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  • 2 weeks later...

Ben Bernanke's current dilemma:

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There is not a person on the globe who knows how the US Federal Reserve will eventually reverse its pioneering monetary policy that has been in place for the past four years.

 

18 Mar 2013 THE AGE - MATTHEW KIDMAN

 

There is not a person on the globe who knows how the US Federal Reserve will eventually reverse its pioneering monetary policy that has been in place for the past four years. This is unnerving because it remains the single most important factor in determining the medium term health of the world economy and the immediate direction of global sharemarkets

 

When Fed chairman Ben Bernanke took the bold step back in 2008 of cutting short-term lending rates to zero, many learned people said it would have unintended consequences, namely igniting inflation. Bernanke ignored them. In fact he became flagrant and took monetary policy to a whole new historical level by discovering a way to print US dollars called quantitative easing (QE) in a bid to kick-start the economy after the global financial crisis. His critics went into overdrive claiming his actions would result in rampant inflation and a collapse in the currency, as had been the case in the German Weimar Republic in the 1920s.

 

Four years on and inflation remains under control and the US dollar, while weak, has not collapsed. Maybe it is too early to gauge the impact of QE but unless inflation appears in the next two years economic textbooks may have to be rewritten. Virtually every economics school in the world has preached the dogma that money printing results in unhealthy levels of inflation because more money chasing the same amount of goods simply drives prices higher.

 

In reality, though, Bernanke's extreme activity is only partially complete and he is acutely aware that he will have to reverse his textbook changing activity at some stage. He knows that with negative real interest rates (below the current level of inflation) and money being printed at a rate of $US1 trillion a year that unacceptable inflation levels will appear eventually.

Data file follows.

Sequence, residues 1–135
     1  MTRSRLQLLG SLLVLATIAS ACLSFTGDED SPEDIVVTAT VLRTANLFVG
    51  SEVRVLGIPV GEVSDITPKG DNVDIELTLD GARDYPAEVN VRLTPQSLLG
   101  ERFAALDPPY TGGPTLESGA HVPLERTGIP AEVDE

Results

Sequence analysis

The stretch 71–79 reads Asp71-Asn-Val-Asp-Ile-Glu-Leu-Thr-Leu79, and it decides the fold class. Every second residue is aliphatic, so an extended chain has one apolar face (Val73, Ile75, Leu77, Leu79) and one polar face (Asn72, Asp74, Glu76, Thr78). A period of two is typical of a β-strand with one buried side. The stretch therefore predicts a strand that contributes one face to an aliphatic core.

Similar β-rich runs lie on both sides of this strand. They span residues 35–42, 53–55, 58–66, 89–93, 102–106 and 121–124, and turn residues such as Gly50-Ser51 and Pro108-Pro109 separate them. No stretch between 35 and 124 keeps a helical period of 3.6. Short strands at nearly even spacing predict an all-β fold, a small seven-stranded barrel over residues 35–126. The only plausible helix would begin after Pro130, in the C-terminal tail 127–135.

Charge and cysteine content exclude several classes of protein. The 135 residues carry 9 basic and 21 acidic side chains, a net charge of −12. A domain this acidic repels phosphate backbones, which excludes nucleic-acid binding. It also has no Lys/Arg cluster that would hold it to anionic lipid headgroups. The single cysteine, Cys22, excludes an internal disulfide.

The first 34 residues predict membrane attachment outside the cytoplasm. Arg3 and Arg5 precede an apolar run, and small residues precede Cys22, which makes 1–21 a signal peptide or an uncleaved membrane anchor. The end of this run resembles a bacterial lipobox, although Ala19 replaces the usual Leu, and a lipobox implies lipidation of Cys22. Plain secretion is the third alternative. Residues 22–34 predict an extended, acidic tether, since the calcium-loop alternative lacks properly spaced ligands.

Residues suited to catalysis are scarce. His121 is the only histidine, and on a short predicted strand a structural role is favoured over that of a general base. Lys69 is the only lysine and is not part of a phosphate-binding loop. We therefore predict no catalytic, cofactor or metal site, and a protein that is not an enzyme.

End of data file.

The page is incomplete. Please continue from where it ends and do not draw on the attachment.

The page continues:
So can the chairman pull the reversal off without unintended consequences?

 

In simple terms, three critical steps have to be taken to unwind the ultra loose monetary policy currently in place.

 

The first is bringing quantitative easing to an end. In the past four years the Fed has purchased about $US3 trillion in government back assets, effectively funding the US government's deficits. The former buyers of US government debt - China, Japan and the Middle East - have backed off resulting in the Fed being forced to do the heavy lifting. This means the Fed is on the money printing treadmill until the US economy clicks into gear. In other words he can't just stop purchasing assets when he feels like it, otherwise US bond yields will soar, as foreign buyers demand a higher return to buy them.

 

The second move for the Fed is to work out what it does with the $US3 trillion and rising assets it has purchased so far. Until recently the view has been the Fed will need to disgorge these assets, primarily government bonds, by selling them back to the market. This would flood the private market with debt, resulting in bond prices slumping and interest rates skyrocketing. A highly unacceptable situation for the economy and the sharemarket. Jumping bond yields have historically been a catalyst for falling equity prices.

 

In a recent speech Bernanke said the Fed might not eject these assets but simply roll them over as they mature. In other words, extend their life allowing the US government more time to pay them back. This approach has not been thought of before and may prove that the money printing can be taken off the table without unintended consequences.

 

The third and final step in the policy reversal will be lifting interest rates back to acceptable levels before inflation or brazen lending practices such as we saw in 2005 to 2007 emerge.

 

What should interest rates be? Typically if inflation is running at around 2 per cent, short-term interest rates should be slightly higher while the 10-year bond should be about double that level. This would mean the Fed has to lift the overnight lending rate from zero to around 3 per cent while the 10-year bond yield has to increase from 2 per cent to 4 per cent.